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Chad Swiatecki is a 20-year journalist who relocated to Austin from his home state of Michigan in 2008. He most enjoys covering the intersection of arts, business and local/state politics. He has written for Rolling Stone, Spin, New York Daily News, Texas Monthly, Austin American-Statesman and many other regional and national outlets.
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Music venues’ ‘agent of change’ proposal faces revisions ahead of spring vote
The city of Austin has concluded its series of public forums on a pair of proposed policy moves that would attempt to draw clear lines of responsibility between new residential developments and creative spaces that are increasingly co-mingling in the same neighborhoods as Austin’s population density increases.
Throughout January, the city’s Economic Development Department took comments and input on a proposal to institute a mandatory entertainment license for all music venues and the so-called “agent of change” concept, which would make establishments moving into an already-developed area responsible for managing and mitigating the impact their presence creates.
Agent of change is becoming an increasingly important issue as music venues and other creative spaces become closer neighbors of housing and hotel units in fast-growing parts of the city, creating friction over noise levels even in cases where music venues were already open for business.
That dynamic played out in recent years as the Rainey Street area became a dense housing and entertainment hub, and a recent $1 million lawsuit filed by the Westin Austin Downtown hotel against the nearby Nook Amphitheater music venue centered around Westin’s unsuccessful attempts to soundproof rooms against late-night dance music volumes.
The entertainment license measure would – in theory – replace and streamline a raft of permits and approvals that are currently only required for outdoor music venues. It would also apply to all businesses that derive the majority of their revenue around music or other entertainment programming and would draw clearer lines of acceptable noise, capacity and other operations that could result in eventual license suspension or revocation if repeatedly violated.
Alex Lopez, deputy director of the Economic Development Department, said at Monday’s session at the Austin Public Library’s Cepeda Branch that the sessions have helped identify a spectrum of concerns from homeowners and venue operators surrounding the issues.
One of the biggest is the matter of enforcement and monitoring, because the licenses would be impacted by documented violations using sound monitors, on-site visits and other up-close methods instead of a simple complaint to police. The city has approved funding for two new positions inside the music and entertainment division to help with monitoring, though those positions would also possibly be involved in the new Nightlife Initiative recently approved by City Council as part of the Music and Creative Ecosystem Omnibus.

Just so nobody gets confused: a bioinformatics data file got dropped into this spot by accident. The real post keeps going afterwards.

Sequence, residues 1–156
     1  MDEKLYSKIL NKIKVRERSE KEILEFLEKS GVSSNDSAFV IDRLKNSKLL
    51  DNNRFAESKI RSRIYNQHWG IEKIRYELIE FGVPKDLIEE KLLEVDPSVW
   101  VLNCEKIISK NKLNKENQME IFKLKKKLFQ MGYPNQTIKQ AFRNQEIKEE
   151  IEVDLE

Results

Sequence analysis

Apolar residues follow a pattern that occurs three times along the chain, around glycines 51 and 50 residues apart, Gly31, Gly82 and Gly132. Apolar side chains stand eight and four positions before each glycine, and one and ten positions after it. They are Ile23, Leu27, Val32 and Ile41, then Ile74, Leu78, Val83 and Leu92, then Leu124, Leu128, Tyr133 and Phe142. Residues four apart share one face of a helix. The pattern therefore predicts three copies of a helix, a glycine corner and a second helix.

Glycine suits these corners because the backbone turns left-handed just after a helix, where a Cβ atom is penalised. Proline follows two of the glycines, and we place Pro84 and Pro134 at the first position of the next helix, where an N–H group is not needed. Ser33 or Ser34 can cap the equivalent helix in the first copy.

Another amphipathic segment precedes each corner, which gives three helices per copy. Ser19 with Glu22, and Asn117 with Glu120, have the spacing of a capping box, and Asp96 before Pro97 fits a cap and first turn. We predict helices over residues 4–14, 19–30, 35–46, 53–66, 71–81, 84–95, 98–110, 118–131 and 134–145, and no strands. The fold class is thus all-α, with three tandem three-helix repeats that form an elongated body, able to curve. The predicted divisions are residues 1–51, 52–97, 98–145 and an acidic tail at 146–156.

Lopez said city staff are working to compile the public feedback to make changes to the proposed measures, which she said would be put before Council by May at the earliest.
Both agent of change and the entertainment license issues have sparked much discussion in local music circles, with venue owners concerned that the license system is “all stick and no carrot” and has drastically changed from how it was first presented to business owners in meetings last summer.
Denis O’Donnell, co-owner of the White Horse country music bar in East Austin, said the license concept was initially pitched by city officials as the gateway procedure that could eventually see holders’ liquor taxes and utility bills reduced as a way to preserve Austin’s live music culture in the face of rapid growth and rent increases on commercial properties. Information sheets distributed by the city at meetings about agent of change and the entertainment license system make no mention of those incentives.
“These should be separate pieces and shouldn’t be tied together, because the license was sold to us as an incentive program, but now the fear of the bar owners is kicking in as far as what it could mean, even though we understand it’s still in the process of being made,” O’Donnell said.
“The entertainment license needs to justify its existence,” he continued, “because in the most dense live music environment in the world, you’re already going to have more competence than anywhere in terms of operators knowing what is expected of them.”
John Zozzaro, co-founder of an Austin music industry incubator known as Entertainment Garage, attended Monday’s session to gauge what the city is doing to preserve performance and revenue opportunities for musicians.
“It’s good that the city is taking the initiative to help both sides navigate through the weeds and try to come to an agreement on the best way forward,” he said. “Another positive is that it brings more attention to the issues that music venues are facing so the city can identify how to help them using all the resources that they have available.”
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Key Players & Topics In This Article
Economic Development Department: This city department heads up business recruitment, urban regeneration, small business development, arts, and music for the city.
Music and Entertainment Division: A department of the city’s economic development division geared toward growing the music and entertainment industry.